The line’s expected goals rate and shot attempts generated have been similar to last year so the difference is all shooting percentage driven: the team scored on 11.3 percent of shots last year to 8.6 percent this year with the Karlsson-Marchessault-Smith trio on the ice. Everything else about Karlsson’s season is about normal, with his IPP (68.5) near last year’s mark (70.2) and his assists per 60 (1.17) actually a bit higher than last year (1.11).

This is about the season we should expect from Karlsson unless the top PP unit is one that is heavily-used next year. And there’s absolutely nothing wrong with a 25-goal, 60-point season from the centre of a good top line. He has upside beyond that with increased PP production but that’s about it.


Ivan Provorov

A little over two years ago, I was asked a question on Twitter that read as follows: If you exclude McDavid, Laine, Matthews, and Eichel, who do you start your franchise with? I answered:



After Provorov put up 17 goals and 41 points in 2017-18, which included solid defensive metrics per Evolving Hockey, I was feeling pretty confident in that answer.

The 2018-19 season has given me a lot of doubt.

Without diving deep, all of Provorov’s metrics have declined. His offensive play-driving has declined, his defensive game has declined, and the production have gone down. As far as the metrics are concerned, playing with Robert Hagg (who has been atrocious) has hurt his overall numbers, but they’re still not good for Provorov even without Hagg. Part of me wonders if his playing through that bad shoulder injury in the playoffs last year lingered into this year. Maybe his offseason training was pushed back and he was never able to catch up once the season started. With his pedigree and strong first two seasons, I’ll give him the benefit of the doubt.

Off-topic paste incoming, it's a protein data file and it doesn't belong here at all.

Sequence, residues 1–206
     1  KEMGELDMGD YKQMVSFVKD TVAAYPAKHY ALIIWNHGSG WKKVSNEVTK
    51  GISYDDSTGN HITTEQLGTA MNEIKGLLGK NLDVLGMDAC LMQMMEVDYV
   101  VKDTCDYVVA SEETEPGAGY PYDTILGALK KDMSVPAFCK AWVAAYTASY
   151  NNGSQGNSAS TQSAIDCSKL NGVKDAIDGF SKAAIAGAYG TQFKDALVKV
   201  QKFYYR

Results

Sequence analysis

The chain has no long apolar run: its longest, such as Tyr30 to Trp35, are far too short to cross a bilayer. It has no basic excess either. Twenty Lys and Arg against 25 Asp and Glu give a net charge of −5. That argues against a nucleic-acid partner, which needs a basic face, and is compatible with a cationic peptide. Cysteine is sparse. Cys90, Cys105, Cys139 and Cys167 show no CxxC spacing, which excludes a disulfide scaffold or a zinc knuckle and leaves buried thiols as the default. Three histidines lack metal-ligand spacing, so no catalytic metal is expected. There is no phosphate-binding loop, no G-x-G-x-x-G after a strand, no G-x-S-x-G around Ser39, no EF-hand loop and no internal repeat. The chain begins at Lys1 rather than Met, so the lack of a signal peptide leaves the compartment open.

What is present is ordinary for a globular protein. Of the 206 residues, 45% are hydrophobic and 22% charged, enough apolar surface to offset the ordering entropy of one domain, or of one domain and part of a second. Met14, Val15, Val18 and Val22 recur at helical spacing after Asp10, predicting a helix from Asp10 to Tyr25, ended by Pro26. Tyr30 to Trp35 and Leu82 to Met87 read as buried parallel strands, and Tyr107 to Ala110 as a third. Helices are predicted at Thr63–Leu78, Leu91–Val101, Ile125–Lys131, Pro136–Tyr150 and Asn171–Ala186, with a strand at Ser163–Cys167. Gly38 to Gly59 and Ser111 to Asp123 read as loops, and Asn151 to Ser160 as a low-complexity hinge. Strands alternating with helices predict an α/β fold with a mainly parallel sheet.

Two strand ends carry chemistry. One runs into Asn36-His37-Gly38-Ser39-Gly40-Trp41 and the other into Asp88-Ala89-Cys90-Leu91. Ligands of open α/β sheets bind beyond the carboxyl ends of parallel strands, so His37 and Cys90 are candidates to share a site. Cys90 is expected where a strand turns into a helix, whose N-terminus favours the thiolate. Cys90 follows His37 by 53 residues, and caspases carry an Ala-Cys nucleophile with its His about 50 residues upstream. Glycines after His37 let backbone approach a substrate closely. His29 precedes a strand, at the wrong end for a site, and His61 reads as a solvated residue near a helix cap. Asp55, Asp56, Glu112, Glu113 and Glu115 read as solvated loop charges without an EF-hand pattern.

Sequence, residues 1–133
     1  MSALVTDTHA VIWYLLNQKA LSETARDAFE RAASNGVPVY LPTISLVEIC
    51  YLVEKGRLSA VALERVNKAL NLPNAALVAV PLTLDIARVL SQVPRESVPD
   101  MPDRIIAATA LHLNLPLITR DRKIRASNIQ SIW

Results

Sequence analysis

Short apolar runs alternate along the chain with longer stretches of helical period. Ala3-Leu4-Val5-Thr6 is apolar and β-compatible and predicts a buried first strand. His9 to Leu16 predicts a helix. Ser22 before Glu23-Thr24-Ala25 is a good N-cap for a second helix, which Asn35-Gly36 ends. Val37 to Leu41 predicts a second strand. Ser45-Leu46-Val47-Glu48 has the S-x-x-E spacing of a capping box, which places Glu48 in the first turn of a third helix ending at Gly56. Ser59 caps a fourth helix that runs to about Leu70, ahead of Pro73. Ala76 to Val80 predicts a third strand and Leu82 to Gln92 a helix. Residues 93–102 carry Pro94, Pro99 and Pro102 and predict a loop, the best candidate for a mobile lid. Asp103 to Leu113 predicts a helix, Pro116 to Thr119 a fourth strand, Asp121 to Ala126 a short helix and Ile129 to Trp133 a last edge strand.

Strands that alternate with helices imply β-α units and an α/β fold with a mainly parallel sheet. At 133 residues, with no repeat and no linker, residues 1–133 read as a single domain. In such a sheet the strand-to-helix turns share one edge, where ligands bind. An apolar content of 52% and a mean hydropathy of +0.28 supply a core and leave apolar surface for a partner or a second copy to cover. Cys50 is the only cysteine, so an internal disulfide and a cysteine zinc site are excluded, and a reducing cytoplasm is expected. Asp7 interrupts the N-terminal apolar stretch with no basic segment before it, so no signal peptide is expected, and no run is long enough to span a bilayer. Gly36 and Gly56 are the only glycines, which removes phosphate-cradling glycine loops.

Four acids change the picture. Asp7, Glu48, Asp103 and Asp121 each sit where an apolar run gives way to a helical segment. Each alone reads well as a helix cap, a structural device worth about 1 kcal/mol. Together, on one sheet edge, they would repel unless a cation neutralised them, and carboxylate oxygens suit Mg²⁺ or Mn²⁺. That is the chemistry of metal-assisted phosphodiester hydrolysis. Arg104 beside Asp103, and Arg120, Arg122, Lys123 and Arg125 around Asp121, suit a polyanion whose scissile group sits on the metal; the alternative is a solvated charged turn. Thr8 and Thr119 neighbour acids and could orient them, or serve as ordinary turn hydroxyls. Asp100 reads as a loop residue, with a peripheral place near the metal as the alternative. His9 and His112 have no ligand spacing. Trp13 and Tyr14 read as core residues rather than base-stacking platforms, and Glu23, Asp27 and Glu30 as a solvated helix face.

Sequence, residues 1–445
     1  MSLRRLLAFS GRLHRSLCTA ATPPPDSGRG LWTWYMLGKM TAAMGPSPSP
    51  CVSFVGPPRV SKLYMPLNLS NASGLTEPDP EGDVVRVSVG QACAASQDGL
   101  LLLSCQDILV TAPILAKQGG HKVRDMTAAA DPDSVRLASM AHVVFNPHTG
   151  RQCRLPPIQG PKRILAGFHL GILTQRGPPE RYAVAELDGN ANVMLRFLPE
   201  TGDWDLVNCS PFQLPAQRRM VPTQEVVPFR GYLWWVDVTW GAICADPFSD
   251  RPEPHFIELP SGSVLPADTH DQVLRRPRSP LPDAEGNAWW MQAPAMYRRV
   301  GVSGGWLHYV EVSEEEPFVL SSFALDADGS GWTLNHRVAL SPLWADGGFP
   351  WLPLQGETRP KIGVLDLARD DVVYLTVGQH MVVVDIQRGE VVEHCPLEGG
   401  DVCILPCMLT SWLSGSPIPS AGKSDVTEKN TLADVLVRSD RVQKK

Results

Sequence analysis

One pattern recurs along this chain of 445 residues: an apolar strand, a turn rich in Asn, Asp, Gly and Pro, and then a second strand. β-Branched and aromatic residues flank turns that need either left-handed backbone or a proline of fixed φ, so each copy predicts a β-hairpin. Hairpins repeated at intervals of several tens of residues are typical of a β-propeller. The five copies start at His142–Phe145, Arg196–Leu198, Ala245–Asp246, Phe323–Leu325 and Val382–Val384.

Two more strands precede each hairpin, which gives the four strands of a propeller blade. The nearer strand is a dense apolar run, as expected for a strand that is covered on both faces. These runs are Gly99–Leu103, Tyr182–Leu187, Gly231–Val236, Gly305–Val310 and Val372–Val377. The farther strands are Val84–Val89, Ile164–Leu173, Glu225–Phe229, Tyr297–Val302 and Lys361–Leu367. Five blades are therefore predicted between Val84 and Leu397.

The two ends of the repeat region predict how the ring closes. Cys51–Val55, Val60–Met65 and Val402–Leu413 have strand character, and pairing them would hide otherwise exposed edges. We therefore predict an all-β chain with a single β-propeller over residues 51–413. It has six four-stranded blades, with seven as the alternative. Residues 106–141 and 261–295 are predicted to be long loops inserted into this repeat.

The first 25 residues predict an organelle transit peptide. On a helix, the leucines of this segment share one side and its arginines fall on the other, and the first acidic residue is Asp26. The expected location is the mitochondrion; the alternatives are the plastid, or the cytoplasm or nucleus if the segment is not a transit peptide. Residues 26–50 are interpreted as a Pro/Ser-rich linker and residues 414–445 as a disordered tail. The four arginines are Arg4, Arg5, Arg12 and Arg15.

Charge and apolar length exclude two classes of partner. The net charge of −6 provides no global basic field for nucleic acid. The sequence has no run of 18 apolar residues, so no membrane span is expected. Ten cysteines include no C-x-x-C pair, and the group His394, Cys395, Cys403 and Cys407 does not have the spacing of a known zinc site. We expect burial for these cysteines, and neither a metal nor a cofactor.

As far as the production is concerned, there’s nothing too out of line. His IPP is 32.8 percent, near the middle of the league, and in the same range as guys like Alex Pietrangelo and Jacob Trouba. His on-ice shooting percentage fell but only by about half a percent, and his secondary assist rate actually went up. Aside from a few assists here and there, most of the point drop came from goal scoring.  It should be noted he had three empty-net goals in 2017-18, the most in the league for a defenceman. There’s part of his goals drop (he has none this year). His shot rate at five-on-five has dropped by about 23 percent and that, combined with a small shooting percentage drop, has meant four fewer goals at 5v5 (which includes those empty-net goals). Combined with a bagel on the power play (zero goals on 20 shots), and now we know why his goal total has dropped.

Again, I do wonder if the shot rate drop is because of a lingering shoulder issue. That’s just pure speculation on my part, but it would explain the sudden drop-off after two years of solid shot rates for a young defenceman.

I do believe the Flyers are a team on the rise and this will be a higher-scoring franchise next year. We have to keep in mind how productive he’s been at such a young age: Provorov is one of five defencemen since the 2005 lockout to post 30 goals and 60 assists in their age 20-22 seasons. The others are Dion Phaneuf, Drew Doughty, Erik Karlsson, and Oliver Ekman-Larsson. As long as Provorov isn’t the next Phaneuf, he’ll be a good fantasy option for a long time, especially in multi-cat leagues.